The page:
Ford to open technology patents to competitors

With aim of spurring industry growth
by Gerard Jude Castillo | Jun 3, 2015

Ford Fusion Hybrid

When one thinks of Ford Motor Company, several images come to mind. One is that of the iconic Mustang tearing its way down a drag strip at breakneck speed. Then there are images of hulking trucks and SUVs such as the F-150 and the Expedition. Such mental pictures are quite natural as this is what most of us grew up with.

But did you know that Ford has been hard at work in the area of electric vehicles and other industry-changing technologies? The Blue Oval brand actually developed more than 400 patents in 2014 alone. With around 200 more electric-vehicle patents on the way, it looks like the company is not about to stop anytime soon.

In a move to help spur industry growth, Ford is now opening up its patents to other carmakers (essentially its competitors). These technology trademarks are already being used in some of Ford’s road-going vehicles such as the Fusion Hybrid and Energi plug-in hybrid midsize sedans, the Focus Electric, and the C-Max Hybrid.

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As for the technologies other carmakers can actually use to build more fuel-efficient vehicles, Ford has developed such tech goodies as:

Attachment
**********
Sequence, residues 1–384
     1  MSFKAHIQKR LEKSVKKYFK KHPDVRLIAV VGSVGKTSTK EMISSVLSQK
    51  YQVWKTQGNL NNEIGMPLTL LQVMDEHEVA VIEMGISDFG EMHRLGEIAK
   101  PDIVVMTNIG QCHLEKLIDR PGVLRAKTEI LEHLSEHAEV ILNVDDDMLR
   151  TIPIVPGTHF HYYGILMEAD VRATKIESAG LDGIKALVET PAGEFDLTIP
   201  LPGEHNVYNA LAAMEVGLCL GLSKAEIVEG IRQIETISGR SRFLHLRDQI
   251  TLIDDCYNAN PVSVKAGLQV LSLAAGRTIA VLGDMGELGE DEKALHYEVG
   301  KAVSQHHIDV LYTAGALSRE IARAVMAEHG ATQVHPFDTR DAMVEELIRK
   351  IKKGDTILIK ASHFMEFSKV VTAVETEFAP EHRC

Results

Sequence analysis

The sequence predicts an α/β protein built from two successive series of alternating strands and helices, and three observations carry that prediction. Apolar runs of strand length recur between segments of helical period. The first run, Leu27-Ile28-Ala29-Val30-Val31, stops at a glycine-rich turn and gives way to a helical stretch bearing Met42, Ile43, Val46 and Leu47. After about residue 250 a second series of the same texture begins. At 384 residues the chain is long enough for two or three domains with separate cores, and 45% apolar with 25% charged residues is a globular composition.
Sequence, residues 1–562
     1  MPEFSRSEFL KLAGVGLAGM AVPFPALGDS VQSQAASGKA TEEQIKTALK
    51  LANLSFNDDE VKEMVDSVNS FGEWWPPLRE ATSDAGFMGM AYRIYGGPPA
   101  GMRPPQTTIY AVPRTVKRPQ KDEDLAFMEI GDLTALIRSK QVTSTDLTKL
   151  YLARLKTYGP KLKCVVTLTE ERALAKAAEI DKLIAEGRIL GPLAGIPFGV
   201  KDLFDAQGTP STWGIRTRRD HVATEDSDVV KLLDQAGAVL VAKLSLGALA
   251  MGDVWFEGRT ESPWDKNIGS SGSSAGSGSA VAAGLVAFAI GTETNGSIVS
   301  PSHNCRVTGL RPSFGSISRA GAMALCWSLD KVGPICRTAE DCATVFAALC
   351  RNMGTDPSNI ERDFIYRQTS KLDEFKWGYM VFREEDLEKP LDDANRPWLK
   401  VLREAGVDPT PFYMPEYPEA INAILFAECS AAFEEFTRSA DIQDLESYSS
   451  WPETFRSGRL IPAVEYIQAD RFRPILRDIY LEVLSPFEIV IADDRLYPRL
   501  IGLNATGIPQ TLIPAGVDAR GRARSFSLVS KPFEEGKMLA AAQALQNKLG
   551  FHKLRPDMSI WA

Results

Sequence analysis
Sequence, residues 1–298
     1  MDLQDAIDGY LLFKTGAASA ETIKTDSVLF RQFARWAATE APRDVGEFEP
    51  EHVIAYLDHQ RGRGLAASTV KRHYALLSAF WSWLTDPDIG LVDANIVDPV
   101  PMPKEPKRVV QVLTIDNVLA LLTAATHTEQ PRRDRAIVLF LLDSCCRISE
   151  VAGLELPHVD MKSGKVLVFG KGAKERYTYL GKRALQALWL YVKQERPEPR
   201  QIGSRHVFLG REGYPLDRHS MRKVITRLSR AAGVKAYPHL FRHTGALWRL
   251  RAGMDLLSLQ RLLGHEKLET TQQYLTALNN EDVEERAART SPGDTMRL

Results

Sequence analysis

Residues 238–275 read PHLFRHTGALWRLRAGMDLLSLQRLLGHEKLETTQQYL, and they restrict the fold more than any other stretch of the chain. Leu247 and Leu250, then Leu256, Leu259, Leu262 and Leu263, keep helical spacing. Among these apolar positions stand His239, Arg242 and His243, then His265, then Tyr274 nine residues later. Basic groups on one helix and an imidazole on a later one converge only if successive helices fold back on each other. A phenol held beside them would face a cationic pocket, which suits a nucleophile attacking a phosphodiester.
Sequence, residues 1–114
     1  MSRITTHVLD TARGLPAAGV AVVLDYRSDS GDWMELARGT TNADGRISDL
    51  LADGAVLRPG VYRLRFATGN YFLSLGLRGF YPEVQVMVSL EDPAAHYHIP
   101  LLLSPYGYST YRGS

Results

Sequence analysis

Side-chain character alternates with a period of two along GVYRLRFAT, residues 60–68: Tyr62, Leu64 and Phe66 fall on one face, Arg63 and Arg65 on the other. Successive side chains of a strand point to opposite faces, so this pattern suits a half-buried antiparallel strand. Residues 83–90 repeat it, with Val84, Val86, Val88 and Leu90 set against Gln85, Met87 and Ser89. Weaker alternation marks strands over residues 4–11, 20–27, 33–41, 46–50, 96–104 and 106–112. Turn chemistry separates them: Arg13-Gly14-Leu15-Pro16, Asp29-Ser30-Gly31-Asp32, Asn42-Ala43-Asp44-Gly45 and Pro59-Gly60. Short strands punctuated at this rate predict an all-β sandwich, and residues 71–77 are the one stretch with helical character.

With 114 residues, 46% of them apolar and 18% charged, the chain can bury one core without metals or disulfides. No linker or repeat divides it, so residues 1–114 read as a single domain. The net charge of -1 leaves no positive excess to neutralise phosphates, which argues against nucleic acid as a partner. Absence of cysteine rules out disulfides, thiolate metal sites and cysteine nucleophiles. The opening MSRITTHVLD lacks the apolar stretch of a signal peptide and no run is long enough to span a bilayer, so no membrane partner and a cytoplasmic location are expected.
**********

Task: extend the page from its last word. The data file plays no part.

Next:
* Temperature-dependent regenerative braking for electric vehicles, which essentially aims to capture more energy during braking. This is done by optimizing air temperature and other factors that help in this process.

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* Battery charge balancing method and hardware that help equalize the battery charge and extend battery life.

* Driving behavior feedback interface that, as the name suggests, links the car to the driver’s style behind the wheel. It not only monitors such parameters as accelerator and brake pedal depression, but likewise uses such feedback to help improve future driving habits. It can also use such data to coach drivers on how to maximize fuel economy while they’re behind the wheel. In short, it will teach you how to become a "green driver."

This isn’t the first time a carmaker has developed technologies that were made available for use by fellow automakers. Volvo, through Swedish inventor Nils Bohlin, designed the modern three-point seatbelt that became standard on its cars in 1959. As for carmakers that wish to make use of Ford’s patented technologies, they can get in touch with Ford’s technology events and licensing officer. Or they can also course their queries through a group called AutoHarvest that will essentially help collaborative efforts between different carmakers that want to develop new or existing technologies.

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Through initiatives like these, we hope to see more cool hybrid and electric vehicles on the road from various car manufacturers real soon.

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